Tuesday, February 28, 2006

Silent Shout

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The Knife
Rabid, 2006

fans of dark, dour, and somewhat challenging synthpop.
Sounds Like: Depeche Mode fronted by
Bjork remixed by Xiu Xiu for the club.
Listen: The Knife - Neverland

It appears in the ever-saturated internet music review market, the race for the scoop is about as essential and urgent as it is in mainstream news media. Silent Shout, still weeks shy of a proper release date, has already been reviewed everyone's favoriteindependentt tour de force. So, mildly interested, I have little recourse other than to start checking around. You know how these things go; a quick introduction, one thing leads to another, the album finds its way to my hard drive, and next thing I know its going to start talking about marriage or child support payments before I even have a chance to drop my cash proper. And those imports are expensive too.

So, right. The album. First, I'm going to take a stab at this, and proclaim this album to have the finest vocal manipulations of the year. The only competition I can see coming up is if Kevin Oglive happens to drop an album in some form or another in the next ten months, and even then, it would be close. Vocalist Karin Dreijer Andersson's voice sounds like Bjork got into a fight with Skinny Puppy: alternately gorgeous and harshly menacing.

While the instrumental arrangements on this album openly wear a European house music influence, the prominencece of the vocals in the mix, instrumentation, arrangement, and excellently crafted hooks more rapidly echo the darker side of pop music. "One Hit" shows that having a Depeche Mode influence can actually be a positive trait, while "Neverland" could easily find its way to Xiu Xiu on your next Wrist Slittin' Mix (Volume 7: October All Year), and might even encourage some gothic dancing. In that vein, "Like A Pen" and "We Share Our Mother's Health" sound destined for EBM radio feeds.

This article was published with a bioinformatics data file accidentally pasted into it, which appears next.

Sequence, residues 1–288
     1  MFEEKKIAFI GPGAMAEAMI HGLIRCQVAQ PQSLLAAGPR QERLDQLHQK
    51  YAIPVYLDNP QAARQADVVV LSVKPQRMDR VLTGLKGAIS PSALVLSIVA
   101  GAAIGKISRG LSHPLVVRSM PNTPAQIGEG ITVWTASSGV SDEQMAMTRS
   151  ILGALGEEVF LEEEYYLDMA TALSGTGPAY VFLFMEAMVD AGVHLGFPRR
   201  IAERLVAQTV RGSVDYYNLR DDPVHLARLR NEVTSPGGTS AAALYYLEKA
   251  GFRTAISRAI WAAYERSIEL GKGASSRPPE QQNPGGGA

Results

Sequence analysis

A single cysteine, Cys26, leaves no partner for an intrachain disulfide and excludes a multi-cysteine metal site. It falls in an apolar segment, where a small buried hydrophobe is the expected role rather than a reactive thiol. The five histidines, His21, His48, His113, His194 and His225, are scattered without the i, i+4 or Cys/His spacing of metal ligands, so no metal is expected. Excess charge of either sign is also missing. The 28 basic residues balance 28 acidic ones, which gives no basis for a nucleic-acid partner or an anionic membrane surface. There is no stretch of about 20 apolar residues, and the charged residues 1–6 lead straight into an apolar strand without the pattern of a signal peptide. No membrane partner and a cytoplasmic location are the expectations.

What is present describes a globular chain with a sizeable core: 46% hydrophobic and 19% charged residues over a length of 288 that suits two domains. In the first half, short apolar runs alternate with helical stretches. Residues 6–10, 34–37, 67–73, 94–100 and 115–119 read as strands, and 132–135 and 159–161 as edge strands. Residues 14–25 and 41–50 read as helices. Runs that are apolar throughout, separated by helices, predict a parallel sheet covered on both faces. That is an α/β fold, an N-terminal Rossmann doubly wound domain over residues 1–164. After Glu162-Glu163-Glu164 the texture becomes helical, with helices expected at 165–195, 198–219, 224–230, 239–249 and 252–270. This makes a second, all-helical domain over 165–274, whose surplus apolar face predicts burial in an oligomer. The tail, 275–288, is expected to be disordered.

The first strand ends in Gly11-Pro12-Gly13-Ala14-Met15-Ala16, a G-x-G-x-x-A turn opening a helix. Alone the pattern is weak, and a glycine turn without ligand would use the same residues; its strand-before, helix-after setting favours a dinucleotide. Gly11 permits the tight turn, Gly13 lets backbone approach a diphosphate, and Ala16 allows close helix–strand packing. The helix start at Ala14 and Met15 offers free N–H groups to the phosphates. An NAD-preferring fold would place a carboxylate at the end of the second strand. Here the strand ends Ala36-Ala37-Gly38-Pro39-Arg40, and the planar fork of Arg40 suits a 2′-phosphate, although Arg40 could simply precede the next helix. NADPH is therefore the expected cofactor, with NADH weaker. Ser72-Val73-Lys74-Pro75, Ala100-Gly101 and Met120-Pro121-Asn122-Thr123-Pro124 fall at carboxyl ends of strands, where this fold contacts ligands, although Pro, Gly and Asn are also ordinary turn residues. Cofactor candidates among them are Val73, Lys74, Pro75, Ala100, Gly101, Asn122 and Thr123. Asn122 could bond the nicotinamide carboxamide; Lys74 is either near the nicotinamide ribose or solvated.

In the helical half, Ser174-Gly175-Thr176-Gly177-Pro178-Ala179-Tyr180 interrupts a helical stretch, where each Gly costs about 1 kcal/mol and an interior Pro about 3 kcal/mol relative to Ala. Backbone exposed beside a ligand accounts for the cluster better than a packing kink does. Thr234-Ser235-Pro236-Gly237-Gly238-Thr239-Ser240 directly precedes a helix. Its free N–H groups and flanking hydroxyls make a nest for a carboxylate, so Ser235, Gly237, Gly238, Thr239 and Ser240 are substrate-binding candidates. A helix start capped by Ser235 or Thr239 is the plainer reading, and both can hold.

Ultimately, Silent Shout is not a groundbreaking, must-have album, and may have trouble finding a niche. Its too house to appeal to Joe Synthpop, the vocal manipulations are too outlandish for most people who are attracted to vocals in dance music, and is too inconsistently dance-able to appeal to connoisseursrs of "obscure Europeanan electro." Especially given the inflated import price, I expect a lot of one-download stands in this album's immediate future, followed by some bastard 12" singles in the months to come. Only, with offspring like this, you'll be glad you forgot the rubber.


Sunday, February 26, 2006

Statement of purpose

When I talk to some people who are more passive about music, sometimes it seems I come across as a bit obsessive. Take, for example, my girlfriend. She thinks its odd that the primary source of my disposable income is buying music. I counter (of course) with the statement that I don't really have that much music.

Editor's note: I own (I think) somewhere near three hundred and fifty albums, either on CD, wax, or my lone cassette (my beloved copy of Sebadoh's Bakesale), and have another hundred twenty five or so copied to my hard drive.

Now, this is not yet another "yeah, well [people with habits other than me] spend their money on [something else blah blah blah], which is either just as "bad" or worse [due to your typical record self-important/aggrandizing pretentious reasons] argument.

This is an open love letter to looking through a hundred albums, and a couple thousand songs, and realizing that most of them are good. Good, but not always perfect; this goes beyond the typical Summer_Album;Nighttime_Album arguments (I can still dig Pinkerton in December and Dummy in the middle of a sunny summer day). Then, settling on a selection, and realizing its perfect. Absolutely perfect. Its a happiness that nothing else can really touch, or, at least, with far less frequency. Its a reason to spend money I shouldn't on a few more albums, a reason to update a blog no one will ever read, a reason to troll record stores looking for a single that I can guarantee will not be there, and, above all, a reason to live.